Pattenden, Rod. Passing by the tree, skin of memory 2012 (essay)

by Rod Pattenden

Memory begins at the fingertips. It is like a momentary prick of anticipation where ‘pins and needles’ stitch together meanings. Life is filled with edges and surfaces that brush up against us as the literal fabric of life. Skin on skin, bodies make meaning among the relations we build as children and adults, emanating out through the worlds we inhabit. The looking that is invited through art making includes this aspect of skin. The eye is not a detached impassionate point of observation but remains a part of a body that inhabits space and all its relationships. The eye is alive like a fish swimming through a sea, always plotting a course of connection that brings orientation and identity.

Looking at this skin of memory has concerned Nathalie Hartog-Gautier for some time. In this body of work she brings it close to home as the works find their genesis in contemplating her relationship with her aunt. This important maternal figure from the artist’s life has recently suffered the affects of dementia. This has brought with it increased disorientation and a lack of logical communication. It has however heightened the artist’s awareness of the more peripheral aspects of intimate relations such as touch, sound and residual memory. Such intimate codes are forms of visceral communication filled with love and delight. Such art making does not give us detachment but brings the potential for touch.

The exhibition title Passing by the Tree, references Marcel Proust’s observation that we can rescue the past even when it is otherwise hidden in the present. By activating the residual memory of objects, we unlock their haptic or felt power to evoke memory, where with shock, the past becomes present. We not only discover what has been lost but more potently we discover ourselves in relation with those things that we have loved. Instead of finding our energies dispersed such containers of memory make us alive to ourselves in new ways. Proust observes that through activating this poetic relation they ‘overcome death and return to share our life.’ Memory adds a thickness of time to our present moment and serves to orientate us people who love, and are in turn loved.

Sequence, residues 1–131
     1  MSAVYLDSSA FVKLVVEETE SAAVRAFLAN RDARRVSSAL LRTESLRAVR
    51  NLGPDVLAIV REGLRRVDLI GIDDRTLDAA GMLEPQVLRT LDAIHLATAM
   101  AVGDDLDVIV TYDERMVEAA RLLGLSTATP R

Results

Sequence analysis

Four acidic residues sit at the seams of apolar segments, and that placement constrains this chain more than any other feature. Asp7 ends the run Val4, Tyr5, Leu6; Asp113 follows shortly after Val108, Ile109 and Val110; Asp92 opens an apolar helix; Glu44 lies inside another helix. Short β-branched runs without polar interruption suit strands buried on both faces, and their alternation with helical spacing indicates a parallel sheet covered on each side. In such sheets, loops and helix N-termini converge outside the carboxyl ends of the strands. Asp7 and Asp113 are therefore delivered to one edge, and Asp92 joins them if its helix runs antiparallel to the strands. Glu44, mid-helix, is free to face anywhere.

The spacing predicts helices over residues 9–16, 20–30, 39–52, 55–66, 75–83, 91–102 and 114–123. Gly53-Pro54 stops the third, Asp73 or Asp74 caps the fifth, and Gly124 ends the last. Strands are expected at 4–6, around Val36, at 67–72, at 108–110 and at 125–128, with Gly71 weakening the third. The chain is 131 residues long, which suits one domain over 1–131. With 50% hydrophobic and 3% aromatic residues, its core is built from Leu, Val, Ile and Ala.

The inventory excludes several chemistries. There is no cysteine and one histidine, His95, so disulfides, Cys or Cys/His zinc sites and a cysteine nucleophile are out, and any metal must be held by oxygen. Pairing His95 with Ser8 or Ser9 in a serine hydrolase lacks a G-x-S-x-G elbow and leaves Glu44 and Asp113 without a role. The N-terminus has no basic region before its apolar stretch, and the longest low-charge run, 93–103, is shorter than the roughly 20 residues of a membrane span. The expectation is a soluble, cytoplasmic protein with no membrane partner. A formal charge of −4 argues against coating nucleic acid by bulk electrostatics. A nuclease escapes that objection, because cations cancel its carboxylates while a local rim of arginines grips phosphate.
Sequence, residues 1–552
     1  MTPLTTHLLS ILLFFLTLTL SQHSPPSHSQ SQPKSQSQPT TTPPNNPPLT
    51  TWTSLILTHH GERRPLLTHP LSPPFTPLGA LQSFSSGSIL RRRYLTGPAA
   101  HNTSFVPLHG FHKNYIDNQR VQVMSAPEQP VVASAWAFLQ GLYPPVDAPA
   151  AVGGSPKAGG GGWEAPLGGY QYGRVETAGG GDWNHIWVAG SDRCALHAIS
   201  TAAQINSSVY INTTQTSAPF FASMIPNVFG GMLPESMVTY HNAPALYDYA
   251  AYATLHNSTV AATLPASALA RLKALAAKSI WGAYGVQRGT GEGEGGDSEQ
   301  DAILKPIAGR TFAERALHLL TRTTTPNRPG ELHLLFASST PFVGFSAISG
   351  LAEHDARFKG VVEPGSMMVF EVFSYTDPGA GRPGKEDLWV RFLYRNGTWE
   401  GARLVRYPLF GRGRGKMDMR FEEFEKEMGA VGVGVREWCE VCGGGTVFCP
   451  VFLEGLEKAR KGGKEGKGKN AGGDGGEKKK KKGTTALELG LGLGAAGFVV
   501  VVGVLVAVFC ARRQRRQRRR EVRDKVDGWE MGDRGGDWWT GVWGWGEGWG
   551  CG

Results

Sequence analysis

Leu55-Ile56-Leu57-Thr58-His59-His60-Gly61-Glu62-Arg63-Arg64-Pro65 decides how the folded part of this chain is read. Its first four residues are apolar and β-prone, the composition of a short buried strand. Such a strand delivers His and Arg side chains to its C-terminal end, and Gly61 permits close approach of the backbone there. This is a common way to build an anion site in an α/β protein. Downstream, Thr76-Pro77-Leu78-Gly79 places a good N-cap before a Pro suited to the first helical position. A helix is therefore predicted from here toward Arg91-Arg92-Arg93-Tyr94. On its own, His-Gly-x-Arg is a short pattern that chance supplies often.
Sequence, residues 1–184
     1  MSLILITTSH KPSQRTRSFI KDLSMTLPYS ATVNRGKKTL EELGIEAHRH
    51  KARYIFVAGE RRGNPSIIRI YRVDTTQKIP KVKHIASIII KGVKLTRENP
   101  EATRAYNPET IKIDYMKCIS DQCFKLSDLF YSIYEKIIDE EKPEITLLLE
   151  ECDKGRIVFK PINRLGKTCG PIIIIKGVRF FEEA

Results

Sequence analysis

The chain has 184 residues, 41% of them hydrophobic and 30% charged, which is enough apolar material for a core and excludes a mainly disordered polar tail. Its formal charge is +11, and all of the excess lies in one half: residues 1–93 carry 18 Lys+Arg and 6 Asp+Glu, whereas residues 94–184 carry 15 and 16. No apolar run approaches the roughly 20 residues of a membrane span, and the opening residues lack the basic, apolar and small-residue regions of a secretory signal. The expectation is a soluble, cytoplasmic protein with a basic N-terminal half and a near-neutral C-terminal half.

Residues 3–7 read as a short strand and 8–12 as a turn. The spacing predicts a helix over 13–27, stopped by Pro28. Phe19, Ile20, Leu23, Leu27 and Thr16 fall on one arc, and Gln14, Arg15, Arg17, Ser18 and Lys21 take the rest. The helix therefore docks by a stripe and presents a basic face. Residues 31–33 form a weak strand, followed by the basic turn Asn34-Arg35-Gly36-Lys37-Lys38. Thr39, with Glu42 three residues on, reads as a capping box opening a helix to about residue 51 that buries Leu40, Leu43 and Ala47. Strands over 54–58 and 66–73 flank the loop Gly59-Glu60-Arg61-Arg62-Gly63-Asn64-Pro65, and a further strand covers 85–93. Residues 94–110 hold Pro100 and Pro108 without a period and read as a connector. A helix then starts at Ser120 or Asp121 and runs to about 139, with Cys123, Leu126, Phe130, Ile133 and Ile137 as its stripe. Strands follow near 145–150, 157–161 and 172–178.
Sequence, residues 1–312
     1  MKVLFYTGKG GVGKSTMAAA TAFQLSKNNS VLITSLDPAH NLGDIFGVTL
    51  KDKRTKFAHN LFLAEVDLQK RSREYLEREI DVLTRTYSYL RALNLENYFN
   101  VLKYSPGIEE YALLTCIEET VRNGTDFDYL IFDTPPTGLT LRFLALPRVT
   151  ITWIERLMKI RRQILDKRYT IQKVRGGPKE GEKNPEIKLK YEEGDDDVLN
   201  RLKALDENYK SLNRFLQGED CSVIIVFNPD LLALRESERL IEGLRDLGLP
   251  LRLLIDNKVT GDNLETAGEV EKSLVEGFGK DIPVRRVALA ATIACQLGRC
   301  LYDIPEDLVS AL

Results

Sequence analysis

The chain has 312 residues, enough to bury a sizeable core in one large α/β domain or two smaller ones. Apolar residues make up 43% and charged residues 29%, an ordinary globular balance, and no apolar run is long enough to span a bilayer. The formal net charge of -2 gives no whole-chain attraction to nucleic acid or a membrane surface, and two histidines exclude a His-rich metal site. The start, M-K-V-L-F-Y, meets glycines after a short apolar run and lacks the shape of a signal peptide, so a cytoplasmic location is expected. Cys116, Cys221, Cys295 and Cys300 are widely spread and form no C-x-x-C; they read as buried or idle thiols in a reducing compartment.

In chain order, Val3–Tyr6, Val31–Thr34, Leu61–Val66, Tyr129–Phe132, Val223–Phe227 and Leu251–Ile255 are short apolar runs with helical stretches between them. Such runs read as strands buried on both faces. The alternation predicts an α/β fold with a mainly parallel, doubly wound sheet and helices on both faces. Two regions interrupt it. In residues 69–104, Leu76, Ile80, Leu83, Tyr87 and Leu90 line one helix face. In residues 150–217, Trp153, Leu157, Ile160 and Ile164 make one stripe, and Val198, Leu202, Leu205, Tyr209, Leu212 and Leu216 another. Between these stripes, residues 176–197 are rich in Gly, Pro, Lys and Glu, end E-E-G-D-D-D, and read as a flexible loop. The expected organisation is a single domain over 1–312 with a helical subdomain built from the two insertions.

To explore this territory of thick relations the artist has employed a number of artistic gestures. A suite of drawings obtained by the direct rubbing of objects, indicates the subtle change of hand pressure and appear like photographs massaged into consciousness. They somehow mimic the touch of the eye on familiar household objects such as a clothes hanger, a chair, and a bag. The artist invites us to consider a vocabulary of intimate and often pre-verbal information through objects that carry the history of her family and their sense of touch. These objects animate the human even as they declare themselves as ‘things’ devoid of character or personality. They act like sponges, filling up with the memory of their human handling, a tactile caressing that refuses to be shaken off.

The vibrant abstracted colour drawings offer a contrasting gesture as they fizzle with energy and form. They mimic the logic of language in their construction yet evoke states of mind that are electric with meaning. They represent pattern and form as in language; yet contain idiosyncratic mysteries that thicken the nature of language to include atmosphere and relationships outside the frame. The artist recounts conversations with her aunt that did not use either French or English but a gobbledygook of speaking unfettered by logic. This is a language that goes back and forth between two lives in a shared moment of meaning. It doesn’t make any sense but at the same time it means everything. These works serve as visual contemplations of this heightened awareness of communication that goes beyond the surface of logical or formal geometric composition.

I have observed musicians and dancers working with people with dementia. Through such means deep and delightful memories were activated through bodies that were otherwise silent and unattended. How surprisingly alive humans are when memory brings back joy. Human meaning is well beyond the neat confines of text and reach into the realms of sighs, groans, and the gibberish of made up languages. The lack of logic is not something to be feared. This capacity of language to speak what is human is further explored in the artist’s accompanying poems that record the strange beauty that language finds when it is freshly coined outside the familiar.

Hand made paper containers appear as vessels with a cargo of balls of wool. These are reminders to the artist of the hand knitted jumpers made by her aunt during her childhood. This treasured cargo also references the handiwork of her aunt in the decoration on the artist’s wedding dress. Made over many months this garment of love clothed the artist with the near tangible hands of a surrogate mother’s love. Such a poignant range of work serves to activate the skin of the eye and reminds us that we see with our whole body. Objects in our vision do not appear as neat images with an edge but with entrails or root structures of memory. Life is always spilling out; it is excessive and impatient of boundaries. It is connected through affection and love and attaches itself to our bodies in ways that keep it alive forever. Through grief and through love, life is an uncontainable fullness.

Dr Rod Pattenden is a curator and writer and is Chair of the Blake Prize, exploring the spiritual and religious in Australian Art.

This entry was posted in Catalogues and Statements on March 18, 2012